It is an exciting time for critical inquiry at The New School for Social Research (NSSR). Scholars there are exploring a multitude of topics to produce creative answers to societal issues from the past, present, and future. Recently, several doctoral candidates received prestigious grants and fellowships to help further their investigations.
Two prestigious foundations awarded six NSSR doctoral students with grants to help further their research. The Wenner-Gren Foundation, which supports significant and innovative anthropological research and provides leadership at the forefronts of the discipline, awarded three NSSR anthropology students grants to help develop their dissertations. The National Science Foundation (NSF), which funds fewer than 30% of the approximate 40,000 proposals it receives each year, also chose to fund three NSSR students who are advancing discourse in the areas of anthropology, sociology, and economics.
Scott Brown and Charles A. McDonald received Wenner-Gren Dissertation Fieldwork Grants, while Marisa Solomon earned a Fieldwork Dissertation Fellowship from the organization. Brown examines emergent practices of social design, inquiring how practitioners render issues of social and political complexity into problems of design. McDonald investigates political projects led by Jewish converts, immigrants, and the state that seek the inclusion of Jewish people and history in contemporary Spain. Solomon questions how trash – a symbolic and material agent – becomes a generative force shaping spatial transformations and logics of race and class.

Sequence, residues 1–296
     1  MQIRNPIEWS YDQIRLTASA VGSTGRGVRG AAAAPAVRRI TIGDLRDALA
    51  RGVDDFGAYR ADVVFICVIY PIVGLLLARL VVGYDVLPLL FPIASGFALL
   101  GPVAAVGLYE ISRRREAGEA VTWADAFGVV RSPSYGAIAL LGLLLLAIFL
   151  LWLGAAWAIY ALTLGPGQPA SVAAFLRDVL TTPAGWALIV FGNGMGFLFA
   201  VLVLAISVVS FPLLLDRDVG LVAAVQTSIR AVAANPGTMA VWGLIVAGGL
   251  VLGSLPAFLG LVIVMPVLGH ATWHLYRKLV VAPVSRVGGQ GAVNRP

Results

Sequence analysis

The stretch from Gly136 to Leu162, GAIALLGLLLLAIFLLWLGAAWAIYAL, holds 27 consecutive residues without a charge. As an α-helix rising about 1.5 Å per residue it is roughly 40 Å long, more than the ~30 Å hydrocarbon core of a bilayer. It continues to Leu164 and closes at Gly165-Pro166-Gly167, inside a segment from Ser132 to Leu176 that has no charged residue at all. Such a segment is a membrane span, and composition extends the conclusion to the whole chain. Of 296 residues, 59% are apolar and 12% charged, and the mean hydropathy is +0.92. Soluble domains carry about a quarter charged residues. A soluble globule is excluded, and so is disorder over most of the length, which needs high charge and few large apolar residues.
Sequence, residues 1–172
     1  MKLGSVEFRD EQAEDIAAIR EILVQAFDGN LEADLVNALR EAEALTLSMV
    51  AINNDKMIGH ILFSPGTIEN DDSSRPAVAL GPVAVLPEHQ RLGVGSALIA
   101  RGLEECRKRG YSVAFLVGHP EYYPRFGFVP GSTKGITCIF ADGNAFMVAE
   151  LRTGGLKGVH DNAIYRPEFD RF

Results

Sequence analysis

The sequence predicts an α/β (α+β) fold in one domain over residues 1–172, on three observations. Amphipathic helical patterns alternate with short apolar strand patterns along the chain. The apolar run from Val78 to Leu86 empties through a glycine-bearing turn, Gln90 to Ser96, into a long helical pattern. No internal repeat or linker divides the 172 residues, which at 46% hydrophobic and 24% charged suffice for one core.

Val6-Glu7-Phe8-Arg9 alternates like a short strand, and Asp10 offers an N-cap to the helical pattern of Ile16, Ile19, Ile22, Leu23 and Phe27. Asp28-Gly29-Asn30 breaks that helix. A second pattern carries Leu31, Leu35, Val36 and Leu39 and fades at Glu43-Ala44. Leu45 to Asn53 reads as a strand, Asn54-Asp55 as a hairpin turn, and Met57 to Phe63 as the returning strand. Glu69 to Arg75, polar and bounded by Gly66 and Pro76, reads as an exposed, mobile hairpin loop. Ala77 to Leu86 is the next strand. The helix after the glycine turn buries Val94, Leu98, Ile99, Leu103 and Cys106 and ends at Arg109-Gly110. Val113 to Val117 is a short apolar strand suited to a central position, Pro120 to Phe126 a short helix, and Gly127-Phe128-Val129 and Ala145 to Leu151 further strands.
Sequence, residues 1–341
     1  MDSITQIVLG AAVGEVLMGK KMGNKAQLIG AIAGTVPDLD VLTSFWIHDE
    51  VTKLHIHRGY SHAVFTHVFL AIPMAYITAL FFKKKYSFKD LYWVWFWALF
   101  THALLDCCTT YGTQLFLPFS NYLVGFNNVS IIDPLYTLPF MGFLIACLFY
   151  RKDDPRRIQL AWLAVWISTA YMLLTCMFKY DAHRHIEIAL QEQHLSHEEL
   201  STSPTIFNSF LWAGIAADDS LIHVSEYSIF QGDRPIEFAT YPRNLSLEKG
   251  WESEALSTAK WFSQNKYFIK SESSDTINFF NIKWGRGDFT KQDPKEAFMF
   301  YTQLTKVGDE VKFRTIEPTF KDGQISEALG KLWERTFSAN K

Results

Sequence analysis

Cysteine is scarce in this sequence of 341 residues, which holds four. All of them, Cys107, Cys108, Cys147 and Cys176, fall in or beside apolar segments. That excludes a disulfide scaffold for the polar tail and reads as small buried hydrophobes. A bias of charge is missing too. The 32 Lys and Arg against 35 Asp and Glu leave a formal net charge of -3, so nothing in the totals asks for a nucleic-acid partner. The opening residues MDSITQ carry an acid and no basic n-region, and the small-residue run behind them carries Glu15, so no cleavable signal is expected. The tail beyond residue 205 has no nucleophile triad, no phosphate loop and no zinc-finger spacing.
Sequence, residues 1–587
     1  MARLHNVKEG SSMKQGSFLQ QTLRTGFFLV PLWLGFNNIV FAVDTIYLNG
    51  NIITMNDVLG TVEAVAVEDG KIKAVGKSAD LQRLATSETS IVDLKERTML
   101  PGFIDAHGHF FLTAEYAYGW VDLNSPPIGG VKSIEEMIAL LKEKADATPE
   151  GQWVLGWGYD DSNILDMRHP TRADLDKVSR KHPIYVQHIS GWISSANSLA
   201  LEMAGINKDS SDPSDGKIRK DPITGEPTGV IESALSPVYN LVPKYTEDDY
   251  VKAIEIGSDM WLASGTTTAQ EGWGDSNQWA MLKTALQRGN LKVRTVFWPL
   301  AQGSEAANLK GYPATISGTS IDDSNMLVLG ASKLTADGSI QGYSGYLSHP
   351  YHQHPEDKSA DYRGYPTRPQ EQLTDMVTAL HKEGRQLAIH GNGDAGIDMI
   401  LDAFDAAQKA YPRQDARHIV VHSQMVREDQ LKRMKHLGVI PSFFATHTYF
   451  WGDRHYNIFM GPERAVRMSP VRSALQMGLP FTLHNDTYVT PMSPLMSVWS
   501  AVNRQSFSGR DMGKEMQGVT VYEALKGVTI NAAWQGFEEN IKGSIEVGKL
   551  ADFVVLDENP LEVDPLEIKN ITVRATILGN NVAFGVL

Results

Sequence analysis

The NSF grant recipients’ work covers a rich terrain of topics. With the Dissertation Grant in Cultural Anthropology, Randi Irwin will explore strategies for property utilization in the Western Sahara, and consider how property and citizenship are configured in order to legitimize the transfer of land plots and make political claims to sovereignty. Read more on the NSF website.
Sociologist Tim Rosenkranz won a Doctoral Dissertation Research Improvement Grant. His work analyzes destination marketing efforts in the United States and India, and addresses how national tourist offices manage image production in local travel media and industry. Visit the NSF profile for details.
Economics scholar Lauren Schmitz also received a Doctoral Dissertation Improvement Grant. Her investigations will contribute to a better understanding of how an occupation affects a worker’s health in the years leading up to retirement. For this examination, Schmitz also earned a place in the Dissertation Fellowship Program in Retirement Research, administered by the Center for Retirement Research (CRR). Learn more about her work on the NSF or CRR websites.
A version of this story originally appeared on NSSR GradFacts.